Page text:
The first study to assess improvements in detection of pre-cancerous growths in the colon through intensive physician training was presented at the American College of Gastroenterology’s 76th Annual Scientific Meeting, where colorectal cancer detection was an important focus of the scientific presentations.
Other studies highlighted the relationship between the location of pre-cancerous growths in the colon and the development of colorectal cancer in high risk populations, as well as detection rates for pre-cancerous growths in the upper reaches of the colon.
Highlights of Colorectal Cancer Research from the ACG Annual Scientific Meeting
*Investigators from the Mayo Clinic in Jacksonville, FL reported results of a prospective study of the impact of training for physicians who perform colorectal cancer screening which revealed that detection of pre-cancerous growths can be improved significantly with structured endoscopist training, according to research conducted by Susan T. Coe, M.D. and Michael B. Wallace, M.D., FACG.
*An analysis from the University of Connecticut Health Center pointed to the importance of detecting pre-cancerous changes in the far reaches of the colon, because research suggests that cancers that develop there may be more aggressive. Joseph C. Anderson, M.D., FACG and colleagues identified several high-risk sub-groups, including Non-Hispanic Blacks, females and patients over age 60, based on an analysis of over half a million patients with colorectal cancer.
*Researchers at the Mayo Clinic in Scottsdale, AZ looked at the rates of adenoma and polyp detection in various anatomic segments of the colon. An analysis of 1921 patients who underwent colonoscopy by Erika Boroff, M.D. and other colleagues, including Jonathan A. Leighton, M.D., FACG and Francisco C. Ramirez, M.D., FACG revealed significant differences in the ratio of adenomas to polyps in the proximal colon (upper colon) and the distal colon (lower colon). The proximal colon had a significantly higher ademona detection rate and higher mean adenoma rate per patient compared to findings from colonoscopy in the distal colon.
“A Randomized Controlled Trial of an Endoscopic Quality Improvement Program (EQUIP) Results in Improved Detection of Colorectal Adenomas”
Investigators at the Mayo Clinic in Jacksonville, FL first assessed baseline adenoma detection rates for 15 endoscopists, half of whom were then randomly assigned to a training intervention, EQUIP, that also consisted of monthly personal feedback on adenoma detection rate, withdrawal of the colonoscope, and the average detection rate for the group.
The 15 endoscopists in the trial completed 1200 colonoscopies. In the Phase I baseline assessment, the overall adenoma detection rate was 36 percent for both the EQUIP-trained group and the untrained group of endoscopists. In Phase II, the endoscopists randomized to training had an overall increase in adenoma detection rate to 47 percent, whereas the adenoma detection rate in the untrained group remained unchanged at 35 percent.
According to Dr. Wallace, screening colonoscopy has largely been credited for the rapid decline observed in both newly diagnosed colorectal cancers and colorectal cancer related deaths between 1998 and 2005. Despite this decline, colorectal cancer has been projected to rank third in newly diagnosed cancers and in causes of cancer related death for both men and women in 2011. The performing endoscopist, independent of patient-related factors, has been shown to strongly influence adenoma detection.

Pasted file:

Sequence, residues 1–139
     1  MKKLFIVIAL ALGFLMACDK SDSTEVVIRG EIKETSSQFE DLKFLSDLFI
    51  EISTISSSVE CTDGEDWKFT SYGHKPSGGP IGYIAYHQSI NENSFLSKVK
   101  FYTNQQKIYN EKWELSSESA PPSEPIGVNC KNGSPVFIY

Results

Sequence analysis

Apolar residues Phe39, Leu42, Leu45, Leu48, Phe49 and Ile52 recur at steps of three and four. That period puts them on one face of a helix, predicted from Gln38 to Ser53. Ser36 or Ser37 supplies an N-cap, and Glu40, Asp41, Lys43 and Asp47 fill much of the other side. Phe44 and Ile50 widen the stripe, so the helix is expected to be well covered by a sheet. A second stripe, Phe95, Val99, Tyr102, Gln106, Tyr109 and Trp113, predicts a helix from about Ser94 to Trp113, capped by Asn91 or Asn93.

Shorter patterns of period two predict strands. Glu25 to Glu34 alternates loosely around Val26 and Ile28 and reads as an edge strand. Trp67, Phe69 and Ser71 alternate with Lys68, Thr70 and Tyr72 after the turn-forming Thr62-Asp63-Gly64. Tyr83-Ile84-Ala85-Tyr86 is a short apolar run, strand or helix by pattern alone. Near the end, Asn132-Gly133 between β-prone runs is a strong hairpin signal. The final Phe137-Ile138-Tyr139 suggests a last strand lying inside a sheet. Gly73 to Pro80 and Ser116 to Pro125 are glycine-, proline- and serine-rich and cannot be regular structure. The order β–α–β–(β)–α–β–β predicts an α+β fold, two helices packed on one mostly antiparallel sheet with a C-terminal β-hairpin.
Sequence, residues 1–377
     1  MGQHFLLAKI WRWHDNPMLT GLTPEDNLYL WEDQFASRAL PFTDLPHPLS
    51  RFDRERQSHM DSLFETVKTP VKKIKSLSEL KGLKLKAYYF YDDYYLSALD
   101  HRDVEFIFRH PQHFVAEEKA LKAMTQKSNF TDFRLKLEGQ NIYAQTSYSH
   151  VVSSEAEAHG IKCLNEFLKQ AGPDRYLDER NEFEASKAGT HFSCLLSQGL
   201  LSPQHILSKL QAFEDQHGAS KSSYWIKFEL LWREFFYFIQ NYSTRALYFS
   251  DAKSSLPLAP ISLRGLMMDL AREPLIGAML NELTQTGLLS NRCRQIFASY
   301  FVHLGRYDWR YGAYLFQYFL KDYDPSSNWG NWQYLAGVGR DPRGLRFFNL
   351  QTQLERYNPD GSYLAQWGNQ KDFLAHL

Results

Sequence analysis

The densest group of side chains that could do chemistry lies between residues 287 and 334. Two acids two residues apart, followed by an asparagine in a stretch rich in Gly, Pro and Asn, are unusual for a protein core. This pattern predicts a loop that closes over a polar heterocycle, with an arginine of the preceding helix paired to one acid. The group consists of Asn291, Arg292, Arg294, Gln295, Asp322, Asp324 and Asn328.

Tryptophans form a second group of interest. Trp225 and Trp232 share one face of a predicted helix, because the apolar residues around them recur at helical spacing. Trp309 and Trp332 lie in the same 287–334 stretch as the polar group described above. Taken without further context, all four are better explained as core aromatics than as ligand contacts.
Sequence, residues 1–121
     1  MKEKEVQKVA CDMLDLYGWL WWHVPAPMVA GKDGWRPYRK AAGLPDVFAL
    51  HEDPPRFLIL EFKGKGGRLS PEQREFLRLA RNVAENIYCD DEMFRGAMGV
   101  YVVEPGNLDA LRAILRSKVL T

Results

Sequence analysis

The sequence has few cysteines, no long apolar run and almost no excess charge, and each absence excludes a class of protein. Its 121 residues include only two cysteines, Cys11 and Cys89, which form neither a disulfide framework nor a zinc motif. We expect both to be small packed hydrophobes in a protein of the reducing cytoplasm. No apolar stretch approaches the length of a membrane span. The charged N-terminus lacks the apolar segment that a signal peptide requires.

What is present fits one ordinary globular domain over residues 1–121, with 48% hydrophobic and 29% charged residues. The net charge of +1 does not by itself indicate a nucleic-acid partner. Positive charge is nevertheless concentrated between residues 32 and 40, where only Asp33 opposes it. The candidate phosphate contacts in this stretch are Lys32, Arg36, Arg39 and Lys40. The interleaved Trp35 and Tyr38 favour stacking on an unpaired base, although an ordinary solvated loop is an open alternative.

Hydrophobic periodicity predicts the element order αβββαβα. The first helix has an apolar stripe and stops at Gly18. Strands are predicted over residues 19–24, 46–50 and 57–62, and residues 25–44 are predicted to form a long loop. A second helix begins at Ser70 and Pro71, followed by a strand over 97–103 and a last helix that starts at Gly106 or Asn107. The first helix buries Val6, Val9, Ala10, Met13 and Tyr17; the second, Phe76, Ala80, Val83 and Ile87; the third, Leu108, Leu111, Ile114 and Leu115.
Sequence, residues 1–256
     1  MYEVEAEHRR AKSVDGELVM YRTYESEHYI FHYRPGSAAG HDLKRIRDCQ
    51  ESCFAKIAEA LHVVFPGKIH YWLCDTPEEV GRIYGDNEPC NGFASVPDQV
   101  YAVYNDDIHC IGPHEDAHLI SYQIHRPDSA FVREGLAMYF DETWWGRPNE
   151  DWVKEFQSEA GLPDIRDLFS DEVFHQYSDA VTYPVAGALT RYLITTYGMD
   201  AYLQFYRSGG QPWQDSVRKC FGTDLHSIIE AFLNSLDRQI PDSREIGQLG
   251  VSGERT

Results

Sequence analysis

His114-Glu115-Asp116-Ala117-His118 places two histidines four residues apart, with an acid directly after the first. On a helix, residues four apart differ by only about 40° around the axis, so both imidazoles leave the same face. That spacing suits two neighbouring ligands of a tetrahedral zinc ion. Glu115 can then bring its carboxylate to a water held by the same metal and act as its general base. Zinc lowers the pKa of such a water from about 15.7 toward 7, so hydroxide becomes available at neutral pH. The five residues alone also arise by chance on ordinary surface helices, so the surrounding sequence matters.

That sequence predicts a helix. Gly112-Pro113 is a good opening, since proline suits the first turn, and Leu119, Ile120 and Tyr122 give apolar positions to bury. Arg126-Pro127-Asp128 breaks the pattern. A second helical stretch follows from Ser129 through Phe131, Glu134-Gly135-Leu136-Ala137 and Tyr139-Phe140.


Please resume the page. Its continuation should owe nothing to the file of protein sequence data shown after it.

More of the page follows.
“Increased Frequency of Proximal Colon Cancer among Non-Hispanic Blacks, Females and Patients Age 60 and Older”
Researchers at the University of Connecticut Health Center looked at over a half million patients in the National Cancer Institute’s SEER database diagnosed with colorectal cancer between 1973 and 2007 to identify trends in proximal colorectal cancer (cancer located higher up in the colon) and looked for trends by race/ethnicity, gender, age and geographic region.
Overall, the proportion of proximal colorectal cancers relative to overall colorectal cancers increased from 35.6 percent in 1973-1977 to 42.2 percent in 2003-2007. Compared to Non-Hispanic Whites, the likelihood of proximal colorectal tumors was substantially higher among Non-Hispanic Blacks. The analysis revealed that females were about 40 percent more likely to have proximal colorectal tumors compared to males, and patients over age 60 were about 50 percent more likely to have these lesions compared to younger patients.
“Anatomical Distribution of Polyps and Adenomas and its Impact on Polyp- and Adenoma-Detection Rates”
As part of a quality improvement program, quality indicators of colonoscopy were evaluated by researchers at the Mayo Clinic in Scottsdale, AZ, who in this study looked at the rate of polyp detection and adenoma detection by various anatomical segments of the colon. Researchers Erika Boroff, M.D., Gurudu Suryakanth, M.D., Jonathan A. Leighton, M.D., FACG, and Francisco C. Ramirez, M.D., FACG reported results of an analysis of 1921 patients who underwent colonoscopy by 20 endoscopists.
The overall polyp detection rate in the study was 48.8 percent and the adenoma detection rate was 30.9 percent. The researchers looked at the mean polyp per patient (MPP) and the mean adenomas per patient (MAP) and found that the ratio of adenomas-to-polyps detected decreased progressively from the cecum, an anatomical landmark at the upper end of the colon, toward the rectum.